NEW DELHI: The drama over the formation of Telangana scaled new heights on Wednesday with Andhra Pradesh chief minister Kiran Reddy staging a sit-in protest in the Capital while a harried government weighed the option of a voice vote to pass the contentious legislation.
The CM doing an Arvind Kejriwal at Jantar Mantar seemed even more bizarre as Reddy was opposing his own Congress party’s decision to form Telangana.
The task of getting the Andhra Pradesh Reorganization Bill through Parliament looks more challenging as Reddy set an unusual precedent by leading the anti-Telangana stir even as Congress pledged support to the new state.
While Reddy and some of his cabinet colleagues protested, Seemandhra MPs from Congress, YSR Congress and TDP disrupted Parliament, forcing adjournment of Lok Sabha followed by Rajya Sabha.
It is learnt that Telangana Rashtra Samithi leader K Chandrasekhar Rao has urged the government to pass the bill by a voice vote, arguing that bills to create Uttarakhand and Jharkhand were passed in a similar manner.
Government sources said the voice vote route could be an option as the Telangana bill is not a constitutional amendment, but senior Congress leaders remain cautious, pointing to vehement opposition to the new state.
However, the political directive to Congress floor managers is clear enough. “The next Lok Sabha will have 17 MPs from Telangana and 25 MPs from Seemandhra, the die seems cast,” said a minister.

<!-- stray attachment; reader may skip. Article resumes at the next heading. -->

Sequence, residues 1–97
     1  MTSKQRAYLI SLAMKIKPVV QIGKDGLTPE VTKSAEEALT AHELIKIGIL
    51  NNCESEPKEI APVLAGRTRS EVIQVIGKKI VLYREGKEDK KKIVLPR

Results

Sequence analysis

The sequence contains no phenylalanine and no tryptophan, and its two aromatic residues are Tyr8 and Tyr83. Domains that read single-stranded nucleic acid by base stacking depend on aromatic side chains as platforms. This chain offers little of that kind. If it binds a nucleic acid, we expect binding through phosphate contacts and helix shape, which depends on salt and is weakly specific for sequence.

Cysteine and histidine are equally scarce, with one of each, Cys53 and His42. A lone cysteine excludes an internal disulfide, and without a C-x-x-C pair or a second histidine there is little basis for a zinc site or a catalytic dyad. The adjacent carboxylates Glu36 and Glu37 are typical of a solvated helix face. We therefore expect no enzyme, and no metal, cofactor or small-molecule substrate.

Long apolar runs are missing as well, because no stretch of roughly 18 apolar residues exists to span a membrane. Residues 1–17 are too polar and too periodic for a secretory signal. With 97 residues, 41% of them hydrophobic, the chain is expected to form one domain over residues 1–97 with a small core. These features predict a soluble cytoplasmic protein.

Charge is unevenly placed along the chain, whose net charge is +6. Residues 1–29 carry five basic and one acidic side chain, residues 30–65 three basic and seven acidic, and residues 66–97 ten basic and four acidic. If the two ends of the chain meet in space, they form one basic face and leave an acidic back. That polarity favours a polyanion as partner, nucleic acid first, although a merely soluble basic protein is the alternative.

The bill is expected to be cleared by the Union Cabinet on Thursday with a group of ministers having finalized a draft.
BJP reiterated that it will oppose marshalling out of anti-Telangana MPs and also demanded that the two Houses must be in order when the bill is considered, conditions that Congress felt were aimed at delaying the bill.
Meanwhile, TDP leader N Chandrababu also reached the capital to oppose the Centre’s “unilateral” decision to create a new state without adequate consensus. “The Centre must take the states into confidence. But the Centre is violating all this and that is not correct,” he said.
Official sources said a TDP delegation led by Lok Sabha MP Nama Nageshwar Rao expressed readiness to support the bill. Rao represents TDP MPs from Telangana region.
With the government planning to bring the Telangana bill to Parliament, possibly Rajya Sabha first, on February 12, emotions are coming to a boil with supporters of both camps coming close to blows at Andhra Bhawan on Wednesday.
The heated exchanges between Telangana and Seemandhra MPs in Parliament also threaten to spill out of hand forcing the government to consider tough action like seeking the suspension of anti-Telangana MPs.
Though government managers are cagey in spelling out plans for disciplinary action, saying the matter is for presiding officers to decide, passing the bill in the presence of Seemandhra MPs seems a rather fraught task.
The noisy and chaotic start to the continuing winter session did not bode well for transaction of business and finance minister P Chidambaram admitted as much while addressing a business conclave, saying he doubted if Parliament will pass any law.
“We have to go through the ritual of attending Parliament every day and come back empty handed,” Chidambaram said.
Prime Minister Manmohan Singh was more optimistic, saying “hiccups” over Telangana would subside. “I think these are hiccups. I hope all sections of the House will have the wisdom to set aside these prejudices and create an atmosphere conducive to harmonious working of the House,” he said.
But the situation does not look promising for the government, as tough action like suspending anti-Seemandhra MPs will only increase the bitterness over the formation of Telangana.
While BJP is not making things easier for the government, the Congress will end up losing face on both sides of the Telangana divide if it backs out at this stage.